Initial evaluation of an Internet intervention to improve the sleep of cancer survivors with insomnia
Article first published online: 29 APR 2011
Copyright © 2011 John Wiley & Sons, Ltd.
Volume 21, Issue 7, pages 695–705, July 2012
How to Cite
Ritterband, L. M., Bailey, E. T., Thorndike, F. P., Lord, H. R., Farrell-Carnahan, L. and Baum, L. D. (2012), Initial evaluation of an Internet intervention to improve the sleep of cancer survivors with insomnia. Psycho-Oncology, 21: 695–705. doi: 10.1002/pon.1969
- Issue published online: 2 JUL 2012
- Article first published online: 29 APR 2011
- Manuscript Accepted: 28 FEB 2011
- Manuscript Revised: 24 FEB 2011
- Manuscript Received: 14 OCT 2010
Objective: Insomnia is a common complaint among cancer survivors. Fortunately, cognitive-behavioral therapy for insomnia (CBT-I) has been shown to be an effective treatment in this population. However, it is rarely implemented given its limited availability. To address this barrier, we examined the ability of an easily accessible online CBT-I program to improve insomnia symptoms in cancer survivors.
Methods: Twenty-eight cancer survivors with insomnia were randomly assigned to either an Internet insomnia intervention (n = 14) or to a waitlist control group (n = 14). The online program, Sleep Healthy Using The Internet, delivers the primary components of CBT-I (sleep restriction, stimulus control, cognitive restructuring, sleep hygiene, and relapse prevention). Pre- and post-assessment data were collected via online questionnaires and daily sleep diaries.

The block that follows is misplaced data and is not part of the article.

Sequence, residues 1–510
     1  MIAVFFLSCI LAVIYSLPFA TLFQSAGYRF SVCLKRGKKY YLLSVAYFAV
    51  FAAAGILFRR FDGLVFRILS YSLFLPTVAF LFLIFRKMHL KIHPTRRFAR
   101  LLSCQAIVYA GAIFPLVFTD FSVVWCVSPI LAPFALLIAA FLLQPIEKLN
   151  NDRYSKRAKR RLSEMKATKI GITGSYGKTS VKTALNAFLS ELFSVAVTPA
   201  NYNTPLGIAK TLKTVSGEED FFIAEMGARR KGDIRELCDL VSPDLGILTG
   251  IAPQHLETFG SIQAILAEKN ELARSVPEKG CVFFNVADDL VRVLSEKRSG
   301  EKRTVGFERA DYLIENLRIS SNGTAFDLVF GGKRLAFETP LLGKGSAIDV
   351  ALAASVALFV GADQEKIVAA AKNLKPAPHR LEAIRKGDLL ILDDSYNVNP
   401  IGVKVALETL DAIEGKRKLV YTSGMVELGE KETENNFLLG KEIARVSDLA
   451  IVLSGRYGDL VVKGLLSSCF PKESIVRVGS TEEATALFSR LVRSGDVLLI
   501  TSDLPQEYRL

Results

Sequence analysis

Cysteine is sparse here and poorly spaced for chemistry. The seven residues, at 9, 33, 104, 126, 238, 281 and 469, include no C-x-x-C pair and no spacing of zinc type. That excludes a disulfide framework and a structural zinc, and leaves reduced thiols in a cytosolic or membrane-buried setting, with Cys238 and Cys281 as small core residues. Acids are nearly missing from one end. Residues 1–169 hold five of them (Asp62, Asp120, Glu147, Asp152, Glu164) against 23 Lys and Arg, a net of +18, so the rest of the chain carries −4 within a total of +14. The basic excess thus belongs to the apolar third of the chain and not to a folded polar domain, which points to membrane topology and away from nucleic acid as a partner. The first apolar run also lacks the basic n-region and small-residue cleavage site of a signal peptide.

Results: Participants in the Internet group showed significant improvements at post-assessment compared with those in the control group in overall insomnia severity (F1,26 = 22.8; p<0.001), sleep efficiency (F1,24 = 11.45; P = 0.002), sleep onset latency (F1,24 = 5.18; P = 0.03), soundness of sleep (F1,24 = 9.34; P = 0.005), restored feeling upon awakening (F1,24 = 11.95; P = 0.002), and general fatigue (F1,26 = 13.88; P = 0.001). Although other group × time interactions were not significant, overall adjusted effect sizes for all sleep variables as well as for fatigue, depression, anxiety, and quality of life ranged from small to large.
Conclusions: CBT-I delivered through an interactive, individually tailored Internet intervention may be a viable treatment option for cancer survivors experiencing insomnia. Copyright © 2011 John Wiley & Sons, Ltd.